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STEM SIGHTS: The Concordia grad student who investigates broken hearts

Batoul El-Sayegh uses 3D-printed models to develop diagnostic parameters for leading cardiac diseases
January 10, 2017
By Andrew Jeyaraj

Concordia research examines the blood flow of real patients using 3D-printed models of their heart valves. The flow inside a "simulation through in vitro testing on the complete heart" (STITCH) at Concordia.

Researchers at Concordia — like Batoul El-Sayegh, a graduate student and manager of the university’s Cardiovascular Fluid Dynamics Lab — are using a mechanical heart to simulate the effects of aging valves on blood flow.

Under the supervision of Lyes Kadem, associate professor in the Department of Mechanical and Industrial Engineering, El-Sayegh studies the effect of a disease called Mitral Annular Calcification (MAC).

Her research examines the blood flow of real MAC patients using 3D-printed models of their heart valves.

El-Sayegh has already been able to quantify the amount of extra energy the heart has to expend in MAC patients. Now she is aiming to identify other key parameters related to the disease, in order to assist doctors in providing more targeted treatment. 

'Can we fix broken hearts?'

Tell us more about the research you’re conducting and its intended impact.

Batoul El-Sayegh: My project investigates blood flow in the left ventricle in the presence of MAC. This disease causes a severe narrowing of the mitral valve leading to sub-optimal filling of the left ventricle. 

The prevalence of MAC increases with age — MAC is found in approximately 42 per cent of people over 65 and 60 per cent of people over 85.

MAC is associated with increased mortality and valvular dysfunction, and increases the likelihood of other cardiovascular diseases, including stroke. Early detection and accurate estimation of its severity is essential for the successful limitation of progression and treatment.

At the moment, however, its diagnosis and evaluation is still very difficult. My work aims to find new parameters to better evaluate the severity of the disease.

Graduate student Batoul El-Sayegh with (at right) a unique custom-made simulator capable of reproducing realistic flow conditions in the human heart. Batoul El-Sayegh and (at right) a unique simulator capable of reproducing realistic flow conditions in the heart.

How does the STITCH image (above, right) relate to your research at Concordia? 

BE: The image shows a unique custom-made simulator capable of reproducing realistic flow conditions in the human heart. I use "simulation through in vitro testing on the complete heart" (STITCH) to conduct my experiments.

In addition to simulating the left side of the heart, it can investigate the effects of any valvular disease on this particular section of the organ.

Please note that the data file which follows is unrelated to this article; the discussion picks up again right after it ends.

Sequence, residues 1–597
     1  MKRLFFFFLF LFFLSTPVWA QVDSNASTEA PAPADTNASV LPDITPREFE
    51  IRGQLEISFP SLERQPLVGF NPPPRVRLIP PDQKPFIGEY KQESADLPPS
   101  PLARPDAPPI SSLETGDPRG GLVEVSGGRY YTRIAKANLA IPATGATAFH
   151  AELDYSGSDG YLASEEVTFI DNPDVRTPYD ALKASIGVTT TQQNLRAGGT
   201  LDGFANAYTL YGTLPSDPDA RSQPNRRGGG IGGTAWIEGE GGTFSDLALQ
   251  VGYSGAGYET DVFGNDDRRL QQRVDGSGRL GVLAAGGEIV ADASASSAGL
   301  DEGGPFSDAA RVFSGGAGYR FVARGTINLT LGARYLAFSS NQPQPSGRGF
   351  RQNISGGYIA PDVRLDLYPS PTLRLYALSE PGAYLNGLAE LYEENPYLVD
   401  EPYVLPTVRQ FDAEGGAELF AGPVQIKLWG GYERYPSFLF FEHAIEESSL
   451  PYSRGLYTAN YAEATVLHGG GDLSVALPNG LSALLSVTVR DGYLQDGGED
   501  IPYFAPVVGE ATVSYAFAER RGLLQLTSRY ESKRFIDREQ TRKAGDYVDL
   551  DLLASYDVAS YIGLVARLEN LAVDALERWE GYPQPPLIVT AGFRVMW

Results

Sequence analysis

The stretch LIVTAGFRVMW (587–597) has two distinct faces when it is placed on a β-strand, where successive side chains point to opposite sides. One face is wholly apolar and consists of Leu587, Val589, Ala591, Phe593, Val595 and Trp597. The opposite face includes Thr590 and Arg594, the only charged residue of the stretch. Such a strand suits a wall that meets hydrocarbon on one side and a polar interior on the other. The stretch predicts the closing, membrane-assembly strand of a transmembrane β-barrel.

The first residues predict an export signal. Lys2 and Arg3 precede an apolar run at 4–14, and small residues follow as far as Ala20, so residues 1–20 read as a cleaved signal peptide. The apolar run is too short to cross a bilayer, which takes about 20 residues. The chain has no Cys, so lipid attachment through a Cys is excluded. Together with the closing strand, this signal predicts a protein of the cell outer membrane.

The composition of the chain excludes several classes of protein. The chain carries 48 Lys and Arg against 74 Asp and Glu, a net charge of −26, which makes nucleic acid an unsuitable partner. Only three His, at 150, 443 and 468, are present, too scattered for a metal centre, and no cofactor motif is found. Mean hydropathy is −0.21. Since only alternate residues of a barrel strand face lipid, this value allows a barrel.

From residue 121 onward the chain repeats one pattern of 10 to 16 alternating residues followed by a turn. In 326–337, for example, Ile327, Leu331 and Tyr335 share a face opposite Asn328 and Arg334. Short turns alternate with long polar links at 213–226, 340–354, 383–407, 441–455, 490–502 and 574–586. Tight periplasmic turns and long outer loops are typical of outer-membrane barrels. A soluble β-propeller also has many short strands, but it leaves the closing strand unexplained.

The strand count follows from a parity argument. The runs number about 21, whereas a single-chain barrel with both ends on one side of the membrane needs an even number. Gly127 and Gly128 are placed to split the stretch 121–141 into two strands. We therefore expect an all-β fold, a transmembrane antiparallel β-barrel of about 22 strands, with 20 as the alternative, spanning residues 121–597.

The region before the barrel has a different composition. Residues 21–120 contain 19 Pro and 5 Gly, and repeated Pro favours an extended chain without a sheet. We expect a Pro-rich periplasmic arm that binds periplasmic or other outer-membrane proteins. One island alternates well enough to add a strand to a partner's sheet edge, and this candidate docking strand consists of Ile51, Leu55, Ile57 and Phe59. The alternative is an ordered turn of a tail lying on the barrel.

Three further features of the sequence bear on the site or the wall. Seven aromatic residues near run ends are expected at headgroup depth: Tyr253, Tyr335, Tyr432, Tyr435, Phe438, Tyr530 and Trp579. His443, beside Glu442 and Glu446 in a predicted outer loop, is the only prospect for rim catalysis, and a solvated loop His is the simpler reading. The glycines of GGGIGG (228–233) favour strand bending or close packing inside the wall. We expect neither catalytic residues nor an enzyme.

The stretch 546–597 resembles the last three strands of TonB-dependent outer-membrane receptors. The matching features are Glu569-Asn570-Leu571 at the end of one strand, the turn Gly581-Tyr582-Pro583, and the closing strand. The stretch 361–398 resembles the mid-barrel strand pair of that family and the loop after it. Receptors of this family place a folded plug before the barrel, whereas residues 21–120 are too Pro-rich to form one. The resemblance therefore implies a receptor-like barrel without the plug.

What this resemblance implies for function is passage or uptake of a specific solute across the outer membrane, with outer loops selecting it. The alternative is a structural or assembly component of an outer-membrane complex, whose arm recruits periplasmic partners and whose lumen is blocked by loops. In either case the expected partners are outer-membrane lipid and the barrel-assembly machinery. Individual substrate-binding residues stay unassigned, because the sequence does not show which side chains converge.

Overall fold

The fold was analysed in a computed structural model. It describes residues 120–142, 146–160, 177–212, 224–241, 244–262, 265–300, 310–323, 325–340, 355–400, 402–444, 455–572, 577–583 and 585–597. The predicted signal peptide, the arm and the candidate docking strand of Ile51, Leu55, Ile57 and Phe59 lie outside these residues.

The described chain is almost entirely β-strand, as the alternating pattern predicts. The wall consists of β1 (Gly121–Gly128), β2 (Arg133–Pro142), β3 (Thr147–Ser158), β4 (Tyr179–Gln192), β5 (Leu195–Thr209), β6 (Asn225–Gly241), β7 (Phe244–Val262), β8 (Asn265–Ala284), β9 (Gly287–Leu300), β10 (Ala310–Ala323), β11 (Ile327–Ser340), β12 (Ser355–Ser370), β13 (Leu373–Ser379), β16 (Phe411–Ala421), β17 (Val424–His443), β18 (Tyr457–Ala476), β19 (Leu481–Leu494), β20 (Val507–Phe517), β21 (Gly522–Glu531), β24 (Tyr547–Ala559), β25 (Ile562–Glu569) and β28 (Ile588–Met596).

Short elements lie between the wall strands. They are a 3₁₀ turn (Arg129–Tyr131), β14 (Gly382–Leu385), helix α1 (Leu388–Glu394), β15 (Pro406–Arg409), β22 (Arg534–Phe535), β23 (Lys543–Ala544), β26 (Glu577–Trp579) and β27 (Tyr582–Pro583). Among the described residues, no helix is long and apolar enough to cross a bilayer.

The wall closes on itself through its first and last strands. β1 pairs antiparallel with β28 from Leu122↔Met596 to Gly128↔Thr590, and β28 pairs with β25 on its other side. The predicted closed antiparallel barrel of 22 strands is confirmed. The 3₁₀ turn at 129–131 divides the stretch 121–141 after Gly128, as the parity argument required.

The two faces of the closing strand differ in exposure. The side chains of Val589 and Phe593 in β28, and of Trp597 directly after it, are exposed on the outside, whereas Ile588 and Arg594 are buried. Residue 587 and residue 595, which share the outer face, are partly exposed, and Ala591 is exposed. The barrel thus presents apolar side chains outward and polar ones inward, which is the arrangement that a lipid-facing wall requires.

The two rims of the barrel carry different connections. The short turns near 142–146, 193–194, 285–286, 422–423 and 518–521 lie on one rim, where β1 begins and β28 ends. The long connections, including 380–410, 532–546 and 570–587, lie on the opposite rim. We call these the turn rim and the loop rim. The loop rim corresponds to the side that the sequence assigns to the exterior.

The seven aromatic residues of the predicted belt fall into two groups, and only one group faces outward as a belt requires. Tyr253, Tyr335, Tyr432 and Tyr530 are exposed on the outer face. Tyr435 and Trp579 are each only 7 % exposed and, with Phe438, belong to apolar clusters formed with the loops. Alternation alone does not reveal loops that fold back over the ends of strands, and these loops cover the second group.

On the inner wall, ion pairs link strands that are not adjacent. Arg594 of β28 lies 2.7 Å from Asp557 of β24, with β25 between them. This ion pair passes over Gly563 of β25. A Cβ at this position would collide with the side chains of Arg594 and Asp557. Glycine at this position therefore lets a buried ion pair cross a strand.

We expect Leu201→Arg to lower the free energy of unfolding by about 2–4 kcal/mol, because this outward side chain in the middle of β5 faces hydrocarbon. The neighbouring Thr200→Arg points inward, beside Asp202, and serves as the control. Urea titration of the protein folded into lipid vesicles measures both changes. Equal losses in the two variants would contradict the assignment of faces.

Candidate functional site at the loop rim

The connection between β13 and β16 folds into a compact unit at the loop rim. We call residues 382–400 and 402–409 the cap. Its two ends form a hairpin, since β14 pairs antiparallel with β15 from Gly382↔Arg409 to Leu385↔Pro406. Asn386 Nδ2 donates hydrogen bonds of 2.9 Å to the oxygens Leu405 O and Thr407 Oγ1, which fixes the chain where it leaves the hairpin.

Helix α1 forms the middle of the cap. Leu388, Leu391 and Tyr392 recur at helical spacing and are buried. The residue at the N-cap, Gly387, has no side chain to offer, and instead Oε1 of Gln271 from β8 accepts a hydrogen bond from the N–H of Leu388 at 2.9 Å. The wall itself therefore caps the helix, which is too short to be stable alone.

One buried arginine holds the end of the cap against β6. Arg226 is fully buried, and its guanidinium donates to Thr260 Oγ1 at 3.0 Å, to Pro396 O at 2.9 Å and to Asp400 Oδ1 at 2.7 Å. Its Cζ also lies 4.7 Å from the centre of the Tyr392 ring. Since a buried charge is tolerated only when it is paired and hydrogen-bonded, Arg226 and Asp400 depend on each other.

[EDITOR'S NOTE: The rainbow-like image at the top of this story illustrates flow inside the STITCH, coloured by velocity values. Red corresponds to larger velocity changes/rougher flow, and blue to smaller velocity changes/smoother flow. It's one of the main results obtained from the STITCH. The technique used to get these images is called particle image velocimetry — which is pretty cool and uses a lot of lasers!]

What are some of the major challenges you face in your research?

BE: Our major challenge is the necessity of trial and error — having the patience to tolerate recurring technical problems that can take months to be solved before actually having results.

What are some of the key areas where your work could be applied?

BE: My work is done in collaboration with the Einstein Medical Center in Philadelphia. Our collaborators supply us with valves from actual patients that are then modelled and 3D-printed. This means our work can be directly applied to the improvement of doctors’ knowledge of the leading cardiac diseases. 

What person, experience or moment first inspired you to get involved in this field?

BE: What provoked me to continue my studies in cardiovascular fluid dynamics was a line I read on Lyes Kadem’s website: “Can we fix broken hearts?”

I interpreted it beyond the purely scientific meaning. Saving someone from cardiovascular disease can not only preserve the life of the patient but also heal the broken hearts of their loved ones.

How can interested STEM students get involved in this line of research?

BE: Start by reading Kadem’s work. He is the director of the Laboratory of Cardiovascular Fluid Dynamics, and an amazing person for career advice. In addition, read whatever else you can about the field.

Also, seize the moment. There are several opportunities at Concordia, from being a summer student in the lab to joining the Capstone team, to becoming a graduate coworker with me!

What do you like best about being at Concordia?

BE: What I learned after going to different clinical and engineering conferences, and seeing how huge universities work, is that it is definitely not the rank or the size of the institution that matters.

Instead, it is people’s potential to give, to achieve and to help develop the lives of others — and Concordians have it. From the faculty to the students, there is no comparison.

Find out more about Concordia's Department of Mechanical & Industrial Engineering.


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